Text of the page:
There is something profoundly sad and disturbing about an industry forced to give its highest awards to things that no longer exist, or are in decline. That’s what happened last Thursday night at the annual Walkley Awards – the first held in Melbourne since News Ltd’s Glenn Milne famously biffed Crikey founder Stephen Mayne.

At least that was a display of vigour, of a kind.

There always is an incongruity to the glitz and glam of the Walkleys. Clips of the best journalism, often including pictures and words about famine and profound human suffering, are played on giant screens as journos in dinner suits and cocktail dresses feed their faces on the usual sort of messed about hotel food that passes for a posh dinner.

But amongst all the alcohol fueled bonhomie, back slapping and back stabbing, this year’s Walkley Awards were the first when you could really feel the chill of the winds sweeping through journalism.

The highest award for the evening, the Gold Walkley, went to Channel Nine’s Sunday program, for a piece by Ross Coulthart and Nick Farrow about the “Butcher of Bega” — a doctor accused of abusing and mutilating the women in his care. The same piece won both the award for Television Current Affairs Reporting, and the award for Investigative Reporting. Yet the program — a frequent winner of Walkley Awards — no longer exists.

Other winners included the ABC’s Radio Eye program (Best Broadcast feature) which will finish this year, and illustrator Simon Bosch (Best Artwork) formerly of the Sydney Morning Herald, who was “let go” in the Fairfax bloodletting a few weeks ago.

Among those shortlisted for awards were a Julie-Anne Davies story in The Bulletin, a publication which no longer exists, and an article in Time magazine, a publication that has just announced the sacking of all its Australian journalists and the probable closure of its Australian bureau.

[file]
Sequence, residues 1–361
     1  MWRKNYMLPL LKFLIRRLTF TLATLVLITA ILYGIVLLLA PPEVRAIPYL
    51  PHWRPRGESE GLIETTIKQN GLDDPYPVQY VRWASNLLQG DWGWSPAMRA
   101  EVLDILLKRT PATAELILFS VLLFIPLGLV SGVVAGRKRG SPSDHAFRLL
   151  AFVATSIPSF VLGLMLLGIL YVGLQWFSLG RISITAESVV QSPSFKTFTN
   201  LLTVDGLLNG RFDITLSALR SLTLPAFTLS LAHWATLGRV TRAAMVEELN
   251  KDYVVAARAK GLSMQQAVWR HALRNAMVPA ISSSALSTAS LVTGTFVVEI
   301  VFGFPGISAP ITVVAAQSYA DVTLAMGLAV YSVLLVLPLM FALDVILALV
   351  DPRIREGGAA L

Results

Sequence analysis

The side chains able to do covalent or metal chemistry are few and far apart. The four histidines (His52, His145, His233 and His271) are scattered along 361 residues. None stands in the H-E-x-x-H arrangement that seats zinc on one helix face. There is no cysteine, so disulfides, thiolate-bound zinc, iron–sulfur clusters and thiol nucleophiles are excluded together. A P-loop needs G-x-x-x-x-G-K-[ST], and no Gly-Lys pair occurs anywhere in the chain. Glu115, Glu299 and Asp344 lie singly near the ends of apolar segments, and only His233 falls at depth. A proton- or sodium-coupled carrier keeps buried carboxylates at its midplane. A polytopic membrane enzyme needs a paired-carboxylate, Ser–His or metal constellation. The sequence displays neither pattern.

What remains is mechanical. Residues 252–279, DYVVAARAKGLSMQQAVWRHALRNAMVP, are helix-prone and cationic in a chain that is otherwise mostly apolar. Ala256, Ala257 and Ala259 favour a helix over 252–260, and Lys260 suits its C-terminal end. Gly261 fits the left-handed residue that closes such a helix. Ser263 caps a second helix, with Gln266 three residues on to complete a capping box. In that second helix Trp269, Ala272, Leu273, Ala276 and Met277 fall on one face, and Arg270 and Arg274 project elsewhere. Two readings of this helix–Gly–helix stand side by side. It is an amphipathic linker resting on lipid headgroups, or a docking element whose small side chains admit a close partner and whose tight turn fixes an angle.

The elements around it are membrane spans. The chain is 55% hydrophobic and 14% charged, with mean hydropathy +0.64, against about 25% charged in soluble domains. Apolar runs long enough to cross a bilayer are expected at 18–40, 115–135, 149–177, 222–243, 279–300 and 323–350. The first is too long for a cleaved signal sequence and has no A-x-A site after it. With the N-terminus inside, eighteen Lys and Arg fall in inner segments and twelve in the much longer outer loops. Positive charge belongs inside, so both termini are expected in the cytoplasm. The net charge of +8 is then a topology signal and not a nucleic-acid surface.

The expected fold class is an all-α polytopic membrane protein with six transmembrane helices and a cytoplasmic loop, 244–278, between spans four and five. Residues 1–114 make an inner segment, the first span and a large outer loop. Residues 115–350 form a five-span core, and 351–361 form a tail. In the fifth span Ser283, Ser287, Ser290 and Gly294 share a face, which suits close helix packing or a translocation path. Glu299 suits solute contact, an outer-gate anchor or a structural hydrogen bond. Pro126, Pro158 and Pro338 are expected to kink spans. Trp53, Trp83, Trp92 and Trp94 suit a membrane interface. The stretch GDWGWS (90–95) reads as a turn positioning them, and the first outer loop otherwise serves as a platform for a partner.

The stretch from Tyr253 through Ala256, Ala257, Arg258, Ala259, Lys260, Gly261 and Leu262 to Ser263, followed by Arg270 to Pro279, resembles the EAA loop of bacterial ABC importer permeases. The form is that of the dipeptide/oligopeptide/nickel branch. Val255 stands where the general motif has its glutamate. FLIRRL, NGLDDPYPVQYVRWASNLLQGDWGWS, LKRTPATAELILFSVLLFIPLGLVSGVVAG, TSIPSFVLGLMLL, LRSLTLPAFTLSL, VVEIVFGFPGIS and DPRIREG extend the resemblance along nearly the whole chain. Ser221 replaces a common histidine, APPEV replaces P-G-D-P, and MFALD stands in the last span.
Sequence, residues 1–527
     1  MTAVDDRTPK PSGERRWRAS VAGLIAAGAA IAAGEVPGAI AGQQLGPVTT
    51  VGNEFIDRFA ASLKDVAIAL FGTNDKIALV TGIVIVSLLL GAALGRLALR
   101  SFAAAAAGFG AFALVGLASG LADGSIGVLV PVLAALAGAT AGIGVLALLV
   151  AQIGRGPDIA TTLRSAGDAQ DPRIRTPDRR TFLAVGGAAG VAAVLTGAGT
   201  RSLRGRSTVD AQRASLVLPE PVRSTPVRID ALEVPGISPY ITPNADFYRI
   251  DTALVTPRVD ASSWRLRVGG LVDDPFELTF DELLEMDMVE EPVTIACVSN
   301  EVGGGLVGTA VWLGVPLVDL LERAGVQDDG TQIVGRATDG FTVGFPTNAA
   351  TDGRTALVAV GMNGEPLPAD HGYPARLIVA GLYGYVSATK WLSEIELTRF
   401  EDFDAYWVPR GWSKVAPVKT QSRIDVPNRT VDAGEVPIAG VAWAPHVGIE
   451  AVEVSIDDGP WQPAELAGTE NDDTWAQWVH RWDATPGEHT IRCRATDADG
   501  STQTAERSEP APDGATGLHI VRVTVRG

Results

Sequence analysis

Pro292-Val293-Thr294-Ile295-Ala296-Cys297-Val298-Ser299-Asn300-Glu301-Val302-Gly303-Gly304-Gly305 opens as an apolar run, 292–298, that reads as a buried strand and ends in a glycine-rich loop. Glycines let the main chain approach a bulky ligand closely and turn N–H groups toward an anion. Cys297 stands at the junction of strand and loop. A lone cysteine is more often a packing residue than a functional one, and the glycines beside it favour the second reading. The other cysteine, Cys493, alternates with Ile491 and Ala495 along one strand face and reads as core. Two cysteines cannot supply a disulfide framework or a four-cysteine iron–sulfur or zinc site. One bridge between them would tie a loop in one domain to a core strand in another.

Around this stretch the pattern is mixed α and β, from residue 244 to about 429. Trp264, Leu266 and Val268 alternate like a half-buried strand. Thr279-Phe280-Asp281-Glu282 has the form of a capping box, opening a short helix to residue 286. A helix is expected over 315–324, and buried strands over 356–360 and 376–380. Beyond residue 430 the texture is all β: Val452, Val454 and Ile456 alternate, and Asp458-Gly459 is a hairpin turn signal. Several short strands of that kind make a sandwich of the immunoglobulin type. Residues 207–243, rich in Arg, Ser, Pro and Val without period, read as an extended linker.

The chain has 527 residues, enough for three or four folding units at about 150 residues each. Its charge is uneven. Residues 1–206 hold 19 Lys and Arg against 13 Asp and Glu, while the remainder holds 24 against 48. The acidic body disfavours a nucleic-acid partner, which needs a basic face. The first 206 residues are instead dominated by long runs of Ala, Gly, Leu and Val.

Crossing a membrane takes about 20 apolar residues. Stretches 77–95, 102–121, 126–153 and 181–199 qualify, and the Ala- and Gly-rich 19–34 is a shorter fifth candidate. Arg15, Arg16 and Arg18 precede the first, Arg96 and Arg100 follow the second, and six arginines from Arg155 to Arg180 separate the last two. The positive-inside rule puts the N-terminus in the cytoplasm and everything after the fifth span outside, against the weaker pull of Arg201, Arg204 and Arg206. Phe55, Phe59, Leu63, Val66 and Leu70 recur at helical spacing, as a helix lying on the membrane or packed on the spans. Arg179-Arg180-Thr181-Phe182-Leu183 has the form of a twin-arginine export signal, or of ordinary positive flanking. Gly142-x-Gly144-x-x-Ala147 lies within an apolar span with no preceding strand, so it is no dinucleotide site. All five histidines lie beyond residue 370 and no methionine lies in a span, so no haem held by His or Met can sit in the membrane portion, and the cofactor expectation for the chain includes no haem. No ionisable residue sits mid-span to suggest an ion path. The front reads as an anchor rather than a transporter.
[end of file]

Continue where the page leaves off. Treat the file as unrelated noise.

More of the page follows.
Meanwhile every joke and jibe from those at the platform was aimed at Fairfax — once the occupier of the high moral ground in Australian newspaper publishing, but now reviled as the company managed by people who don’t understand journalism, who have appointed editors who don’t have the confidence of their staff, and who have made some of the best journalists on their staff redundant.

I am told that Fairfax management booked two tables at the Walkleys. It must have been a very uncomfortable night for those who occupied them. Every time Fairfax management was mentioned — which was a lot, and always disparagingly — there were boos and hisses.

In a few short years Fairfax has gone from being the media company where serious journalists most aspired to work, to the butt of bitter jokes from all sides.

Nobody last Thursday night was arguing against the proposition that journalism is a profession facing a crisis — a profound paradigm shift, and enormous threats.

But it is worth remembering that the crisis is in the business models, not in the audience appetite for journalists’ work. There is in fact no evidence of reduced public appetite for true stories, professionally told.

It is time journalists and their audiences began to think about how to ensure the good things about journalism survive into the new media age.

Meanwhile, I am forced to wonder what dead and dying journalism outlets will get the awards next year.

Peter Fray

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Peter Fray
Editor-in-chief of Crikey